47 Pleasant Street, Provincetown (2013), by David W. Dunlap.47 Pleasant Street Condominium

Two eras of town history, both now seeming almost equally remote, are embodied in this odd-looking mashup. The south half of the hybrid, pictured above, is a classic three-quarter Cape. It is believed to have stood originally at the east end of the Long Point settlement, where it served as the home of one Jonathan Smith, whose storehouse was not far away. Like the other buildings on the point, it was floated over to Provincetown in the mid-19th century, after which it was grafted on to a two-story house on Pleasant Street. More pictures and history»

1 Point Street

1 Point Street, Provincetown (2013), by David W. Dunlap. 
Nancyann Meads, the longtime proprietor of Edwige, 333 Commercial Street, acquired this home in 1985 from her parents, Lawrence W. Meads (b ±1933), a ship’s carpenter, and his wife, Nancy P. Meads (b ±1936). The previous owners were Edwin Norwood Snow (±1886-1953), a professional painter, and his wife, Catherine Nancy (MacFarlane) Snow. More history»

3 Point Street

3 Point Street, Provincetown (2010), by David W. Dunlap. 
"Patricia Marie," by J. Mendes (1977). Courtesy of the Seamen's Bank.Capt. William W. “Billy” King (±1932-1976) of the F/V Patricia Marie and his wife, Patricia Marie King (b ±1934), bought this house in 1961 from Richard E. and Lorraine Adams. They lived here with their six children. The Patricia Marie was lost while scalloping off Pollock Rip on 24 October 1976. Captain King and six crew members, all Provincetown men, went down with her. It was the worst such catastrophe in the modern era, devastating this close-knit community. Almost no corner of town life was untouched by the absence of these men or the presence of their widows and their fatherless children. More history »

9 Point Street

9 Point Street, Provincetown (2008), by David W. Dunlap. 
"People on the Beach," by Victor DeCarlo (±1970). Courtesy of the Provincetown Art Association and Museum.Victor DeCarlo (1916-1973) was, as were so many in Provincetown, a product of the Art Students League of New York. He also studied with the muralist Jean Charlot at the Fine Arts Center in Colorado Springs, at the Corcoran College of Art and Design in Washington and at the Accademia di Belle Arti di Firenze. After serving in the Pacific Theater during World War II, he returned to Europe, married Sibylle Schneider, then came back to his native New Haven. The DeCarlos bought this property from Antonio and Patricia L. Silva in 1965. More pictures and history»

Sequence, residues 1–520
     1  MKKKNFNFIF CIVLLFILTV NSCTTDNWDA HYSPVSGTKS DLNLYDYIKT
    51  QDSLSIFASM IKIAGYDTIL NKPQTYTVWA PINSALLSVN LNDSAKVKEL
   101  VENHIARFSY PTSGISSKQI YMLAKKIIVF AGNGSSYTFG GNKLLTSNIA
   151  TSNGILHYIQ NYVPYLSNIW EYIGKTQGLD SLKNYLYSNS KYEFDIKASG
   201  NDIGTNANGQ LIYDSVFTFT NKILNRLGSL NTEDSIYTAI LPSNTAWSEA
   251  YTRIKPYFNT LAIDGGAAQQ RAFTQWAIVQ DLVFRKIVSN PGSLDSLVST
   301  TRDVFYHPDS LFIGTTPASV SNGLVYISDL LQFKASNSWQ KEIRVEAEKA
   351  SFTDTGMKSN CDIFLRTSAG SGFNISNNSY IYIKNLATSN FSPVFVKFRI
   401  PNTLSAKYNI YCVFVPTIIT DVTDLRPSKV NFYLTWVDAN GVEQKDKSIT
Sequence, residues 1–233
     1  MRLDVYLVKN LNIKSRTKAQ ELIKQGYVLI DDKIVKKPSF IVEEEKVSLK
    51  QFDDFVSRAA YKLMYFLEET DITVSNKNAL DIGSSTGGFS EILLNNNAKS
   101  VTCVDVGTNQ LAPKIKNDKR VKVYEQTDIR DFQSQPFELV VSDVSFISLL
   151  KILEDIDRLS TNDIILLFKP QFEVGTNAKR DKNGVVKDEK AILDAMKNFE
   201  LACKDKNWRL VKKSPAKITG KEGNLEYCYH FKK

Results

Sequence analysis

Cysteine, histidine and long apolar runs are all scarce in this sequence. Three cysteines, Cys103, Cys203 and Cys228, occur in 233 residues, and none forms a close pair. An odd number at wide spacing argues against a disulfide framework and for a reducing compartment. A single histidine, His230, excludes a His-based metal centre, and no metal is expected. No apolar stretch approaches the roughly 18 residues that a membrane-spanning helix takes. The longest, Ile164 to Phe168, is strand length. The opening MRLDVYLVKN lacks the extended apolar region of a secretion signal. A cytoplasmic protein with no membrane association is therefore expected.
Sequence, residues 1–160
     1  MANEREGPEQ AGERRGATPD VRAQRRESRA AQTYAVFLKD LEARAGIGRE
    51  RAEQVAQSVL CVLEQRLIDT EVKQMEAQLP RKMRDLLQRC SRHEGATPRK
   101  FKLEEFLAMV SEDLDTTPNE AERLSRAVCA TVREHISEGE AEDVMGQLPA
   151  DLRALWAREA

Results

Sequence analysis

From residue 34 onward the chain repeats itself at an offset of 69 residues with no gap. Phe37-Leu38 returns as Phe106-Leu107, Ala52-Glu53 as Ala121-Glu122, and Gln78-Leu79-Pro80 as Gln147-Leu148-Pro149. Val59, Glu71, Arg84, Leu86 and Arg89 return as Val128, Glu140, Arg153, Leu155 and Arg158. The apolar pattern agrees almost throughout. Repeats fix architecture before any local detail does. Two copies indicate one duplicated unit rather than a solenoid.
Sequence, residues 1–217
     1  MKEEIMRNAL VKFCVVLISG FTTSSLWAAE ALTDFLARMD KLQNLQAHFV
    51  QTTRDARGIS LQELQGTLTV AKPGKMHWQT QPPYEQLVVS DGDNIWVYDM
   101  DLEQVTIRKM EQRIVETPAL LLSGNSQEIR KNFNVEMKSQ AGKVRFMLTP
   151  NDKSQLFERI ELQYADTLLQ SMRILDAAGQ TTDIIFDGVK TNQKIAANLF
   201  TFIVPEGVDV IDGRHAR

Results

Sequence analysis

5 Soper Street

5 Soper Street, Provincetown (2013), by David W. Dunlap. 
Rachel "Rae" (Silva) White and Robert William "Bob" White, Provincetown (ND). Courtesy of Rachel White.This house, a floater at the core, was owned by Timothy Cowing when it was out at Long Point. It was purchased from the Cowing family in 1953 by Rachel “Rae” (Silva) White (b 1933) and her husband, Robert William “Bob” White (1926-2011). The daughter of Manuel Peter Silva (d 1942) and Annie Elizabeth (Lee) Silva (1893-1984), Rae was delivered by midwife on Pearl Street and grew up at 123 Bradford Street. Her siblings were Malcolm Glaspell Silva (named in honor of the playwright Susan Glaspell), Emanuel Raphael Silva, Elizabeth Jane (Silva) Rosenblatt and Norbert Lee Silva. In 1950, she married Bob White. Their children are Sharon Suzanne (White) Walker, Maxine Rachel (White) Notaro, Roberta Lee (White) Magowitz, Rachel Elizabeth (White) Peters and Shawn Robert White. More pictures and history»